This abuse of flesh food in a climate like Australia would be serious enough under any circumstances, but it is intensified and aggravated by the direct unoriginality in dealing with meat. Is it not a fact that there is no attempt whatever made to break through the conventional chain of joints, roasted or boiled, and the inevitable grill or fry? In how many houses does the breakfast ever consist of anything but the ubiquitous chops, steaks, or sausages? indeed, one might almost term them “the faith, hope, and charity” of domestic life. I remember reading some little time ago that if a map of the world were made in which lands of utter darkness were coloured black like the coalfields in an atlas of physical geography, certain races would be signalised by their opaqueness. If such a map were ever compiled, Australia would of necessity be characterised by blackness; such a blackness, indeed, that jet itself would be as snowy white beside it. But why should this lamentable state of things be said of Australians, who claim to be progressive in their ideas and advanced in their views, usages, and customs?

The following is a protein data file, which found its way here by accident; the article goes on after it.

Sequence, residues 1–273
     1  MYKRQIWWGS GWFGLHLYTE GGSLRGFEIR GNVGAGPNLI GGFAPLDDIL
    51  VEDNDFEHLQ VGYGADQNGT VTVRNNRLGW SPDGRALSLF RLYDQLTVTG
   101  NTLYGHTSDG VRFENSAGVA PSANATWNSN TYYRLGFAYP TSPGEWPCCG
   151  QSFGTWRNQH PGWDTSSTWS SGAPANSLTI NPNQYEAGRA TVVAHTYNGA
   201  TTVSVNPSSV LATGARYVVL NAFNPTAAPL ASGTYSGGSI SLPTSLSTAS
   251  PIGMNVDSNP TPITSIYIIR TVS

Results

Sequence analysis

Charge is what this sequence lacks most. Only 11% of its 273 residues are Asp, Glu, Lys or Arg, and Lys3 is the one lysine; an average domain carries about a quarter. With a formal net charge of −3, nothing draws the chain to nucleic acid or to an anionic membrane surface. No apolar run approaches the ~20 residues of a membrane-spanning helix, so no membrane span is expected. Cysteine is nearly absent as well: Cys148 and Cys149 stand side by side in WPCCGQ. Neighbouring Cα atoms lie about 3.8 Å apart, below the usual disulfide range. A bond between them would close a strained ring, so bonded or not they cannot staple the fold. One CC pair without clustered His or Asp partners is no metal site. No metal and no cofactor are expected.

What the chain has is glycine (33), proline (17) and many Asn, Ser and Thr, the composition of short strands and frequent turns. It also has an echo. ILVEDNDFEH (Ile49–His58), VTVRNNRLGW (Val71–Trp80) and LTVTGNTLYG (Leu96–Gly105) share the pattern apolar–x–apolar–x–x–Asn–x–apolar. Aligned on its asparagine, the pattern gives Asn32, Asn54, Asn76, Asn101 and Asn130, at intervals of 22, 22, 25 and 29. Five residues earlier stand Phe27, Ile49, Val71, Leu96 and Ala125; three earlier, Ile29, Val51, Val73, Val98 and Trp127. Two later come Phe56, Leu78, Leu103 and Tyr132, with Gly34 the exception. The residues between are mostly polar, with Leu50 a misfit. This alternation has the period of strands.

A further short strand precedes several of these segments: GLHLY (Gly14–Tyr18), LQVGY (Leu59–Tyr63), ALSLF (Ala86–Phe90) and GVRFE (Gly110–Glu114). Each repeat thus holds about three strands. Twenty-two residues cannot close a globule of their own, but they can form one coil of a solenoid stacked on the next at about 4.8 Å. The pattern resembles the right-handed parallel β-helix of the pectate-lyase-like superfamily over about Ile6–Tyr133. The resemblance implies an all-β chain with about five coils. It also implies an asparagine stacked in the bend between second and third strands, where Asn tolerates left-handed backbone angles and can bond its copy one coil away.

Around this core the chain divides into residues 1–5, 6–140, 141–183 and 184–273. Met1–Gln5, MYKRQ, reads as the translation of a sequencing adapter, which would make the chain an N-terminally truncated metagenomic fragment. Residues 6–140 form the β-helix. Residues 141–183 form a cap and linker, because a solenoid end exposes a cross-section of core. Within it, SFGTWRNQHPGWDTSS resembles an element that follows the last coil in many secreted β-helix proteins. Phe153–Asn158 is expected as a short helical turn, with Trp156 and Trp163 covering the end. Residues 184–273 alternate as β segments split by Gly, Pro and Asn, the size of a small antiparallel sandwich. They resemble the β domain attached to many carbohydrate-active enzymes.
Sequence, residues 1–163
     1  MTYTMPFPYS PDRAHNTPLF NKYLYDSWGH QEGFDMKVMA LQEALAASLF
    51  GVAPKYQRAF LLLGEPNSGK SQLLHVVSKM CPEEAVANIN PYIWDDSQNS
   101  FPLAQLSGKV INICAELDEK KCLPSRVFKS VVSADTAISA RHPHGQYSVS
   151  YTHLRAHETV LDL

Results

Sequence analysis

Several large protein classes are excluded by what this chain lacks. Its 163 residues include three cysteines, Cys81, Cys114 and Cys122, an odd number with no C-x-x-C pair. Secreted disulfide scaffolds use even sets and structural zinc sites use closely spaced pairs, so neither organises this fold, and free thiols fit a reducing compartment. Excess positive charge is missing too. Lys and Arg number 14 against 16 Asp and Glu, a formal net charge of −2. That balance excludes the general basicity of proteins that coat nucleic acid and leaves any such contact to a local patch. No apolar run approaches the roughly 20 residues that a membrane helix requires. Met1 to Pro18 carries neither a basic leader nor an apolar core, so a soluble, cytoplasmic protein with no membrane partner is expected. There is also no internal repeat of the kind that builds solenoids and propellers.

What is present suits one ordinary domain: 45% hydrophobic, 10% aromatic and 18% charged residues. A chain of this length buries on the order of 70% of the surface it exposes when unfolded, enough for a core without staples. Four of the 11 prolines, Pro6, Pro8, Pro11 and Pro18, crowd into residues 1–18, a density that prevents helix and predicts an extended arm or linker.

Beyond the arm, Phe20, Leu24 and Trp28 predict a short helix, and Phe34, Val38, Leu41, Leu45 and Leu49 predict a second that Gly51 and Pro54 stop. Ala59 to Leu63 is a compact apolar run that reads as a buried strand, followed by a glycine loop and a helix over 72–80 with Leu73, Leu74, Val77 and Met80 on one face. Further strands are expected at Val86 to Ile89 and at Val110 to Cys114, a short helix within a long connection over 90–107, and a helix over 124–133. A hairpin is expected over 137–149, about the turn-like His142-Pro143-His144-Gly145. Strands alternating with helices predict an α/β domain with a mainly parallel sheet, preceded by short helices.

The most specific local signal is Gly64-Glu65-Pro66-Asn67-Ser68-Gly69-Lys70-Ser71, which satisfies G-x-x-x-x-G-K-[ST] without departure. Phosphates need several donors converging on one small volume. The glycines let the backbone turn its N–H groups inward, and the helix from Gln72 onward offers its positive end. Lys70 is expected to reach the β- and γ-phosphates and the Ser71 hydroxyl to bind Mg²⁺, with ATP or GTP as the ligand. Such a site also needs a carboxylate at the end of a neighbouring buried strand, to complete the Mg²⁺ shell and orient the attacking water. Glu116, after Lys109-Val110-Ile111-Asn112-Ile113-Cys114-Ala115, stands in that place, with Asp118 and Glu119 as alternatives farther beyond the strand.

In conjunction with this dietetic view of the matter, one of the objects I have in writing is to direct attention to the great neglect there is of vegetables, especially those of the more unknown varieties, as an agreeable, desirable, palatable, and salutary element in the Australian food life. One need not be a vegetarian to properly appreciate the valuable properties of vegetables, and most people will fare better and feel the benefit of a modification of their customary dietary if they decrease the amount of meat they indulge in and proportionately increase their vegetable allowance. Now, there are many vegetables besides those ordinarily in use which might be easily cultivated, and serve to form a pleasing variety at table. Once the demand arises for kinds other than those usually grown, the inducement for market-gardeners to supply them would be no longer wanting. A reference to the catalogues furnished by the seedsmen and plant-merchants of the different Australian metropolitan cities will show that special attention is called to many of these vegetables, and yet I am informed that, although they are continually inserted in the new issues as they appear from time to time, no notice seems to be taken of them whatever. I propose, therefore, briefly to describe some of these comparatively unknown vegetables, and to point out their merits and their claims for recognition.